Detail your cooking plan by starting from when you want to serve dinner and work backward to figure out a rough schedule. Make a note for when you’ll need to start preparing each dish. Do as much of the preparation as you can the day before Thanksgiving. Some examples of what can be done beforehand are: chopping the vegetables, measuring the dry ingredients and putting them in bowls with lids, and setting out dishes, pots and pans.

Plan to use your best tablecloth and dinner napkins. Create a simple centerpiece. Some fresh flowers or a pretty glass bowl filled with seasonal fruit (or vegetables) makes a lovely statement about fall bounty. Add a couple of lit candles and your table will be festive. Beyond that, you only need to use a few understated decorations. For example you can twist wire ribbon or raffia - in a fall color - around the dinner napkins and tie a cinnamon stick (or some small Thanksgiving motif) on top.

Part of your decoration can be a highly visible, self-service coffee and dessert bar. You can set it up on a side table or buffet, or use one section of the kitchen counter. Include a ready to start-up coffee pot, cups, dessert plates, along with your one beautiful dessert and after-dinner mints. You’ll be ever so happy you took the time to do this. It makes the room like charming and is extremely practical - the guests can help themselves after the dinner. You’ll just receive the compliments - and not have to run around taking care of additional serving tasks.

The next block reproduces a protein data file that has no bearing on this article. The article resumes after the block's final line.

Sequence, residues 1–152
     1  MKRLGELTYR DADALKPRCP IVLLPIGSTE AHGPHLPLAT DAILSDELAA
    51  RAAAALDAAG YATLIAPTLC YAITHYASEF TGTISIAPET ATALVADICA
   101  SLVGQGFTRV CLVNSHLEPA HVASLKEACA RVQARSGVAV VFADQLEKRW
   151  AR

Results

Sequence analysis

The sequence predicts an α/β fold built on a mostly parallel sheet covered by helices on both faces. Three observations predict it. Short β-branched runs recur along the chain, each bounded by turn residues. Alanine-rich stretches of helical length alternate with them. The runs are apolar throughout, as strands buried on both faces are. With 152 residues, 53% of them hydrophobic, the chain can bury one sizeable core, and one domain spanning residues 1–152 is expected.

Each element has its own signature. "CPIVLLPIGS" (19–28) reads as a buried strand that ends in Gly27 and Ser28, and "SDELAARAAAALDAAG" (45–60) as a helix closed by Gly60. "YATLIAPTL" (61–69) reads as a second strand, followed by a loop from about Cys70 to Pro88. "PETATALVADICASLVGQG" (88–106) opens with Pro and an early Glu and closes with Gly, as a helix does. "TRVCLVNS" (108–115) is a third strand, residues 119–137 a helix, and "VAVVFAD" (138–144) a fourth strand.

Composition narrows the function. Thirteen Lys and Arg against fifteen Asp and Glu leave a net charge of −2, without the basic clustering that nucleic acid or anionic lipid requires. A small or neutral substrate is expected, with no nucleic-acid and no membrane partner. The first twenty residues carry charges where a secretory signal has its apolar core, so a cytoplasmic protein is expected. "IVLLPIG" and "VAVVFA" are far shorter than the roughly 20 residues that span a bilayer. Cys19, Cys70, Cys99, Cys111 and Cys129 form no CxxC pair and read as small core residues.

Remember why you’ve decided to do all this. The purpose of the day is to enjoy your family and friends. Don't worry if everything isn’t perfect. Be ready to interact with your guests when they come. Sit down, have a drink – alcohol or not, as you want– and take a breath. Yes, you were the all-too-busy chef just a few minutes before, but as soon as the guests turn up, your goal is to present yourself as a gracious host or hostess. When everyone is around the table, be ready to accept help when offered and don’t feel shy about enlisting assistance when you need it.

Don't forget what the Thanksgiving holiday is supposed to mean. Make this an opportunity to show the spirit of thankfulness. As you sit down to the holiday dinner, have someone prepared to offer a short prayer of thanks and ask for volunteers to say a few words about what they are most grateful for.

Here’s an example of a traditional Thanksgiving menu for eight people that you can cook and serve in about three hours. And it won’t break the family piggybank! (Personally, I plan to use this menu for the holiday season.)

- Turkey breasts with bone (6 lbs.), split open and oven-baked, basted with butter and lemon-garlic zest. Served with pan gravy.
- Mashed sweet potatoes (3 lbs.), oven-baked briefly with butter, brown sugar and pecans on top
- Large serving dish filled with fresh cut veggies, deviled eggs, whole-wheat crackers, and a tasty dip. (It can be put out somewhere before the meal for anyone who can’t wait to eat something and later taken to the table.)
- Steamed green beans (2 lbs.) with mushrooms and green onions
- Big dish of cranberry sauce - make your own or buy readymade
- Corn bread muffins, 2 per person - make your own or buy at the bakery
- Large, deep-dish apple pie - make your own or buy at the bakery
- Cheddar cheese slices - to eat with the apple pie
- Dish of after-dinner mints

- Pitchers of ice water
- Wine and (or) iced tea with the meal
- Coffee and (or) hot cider with dessert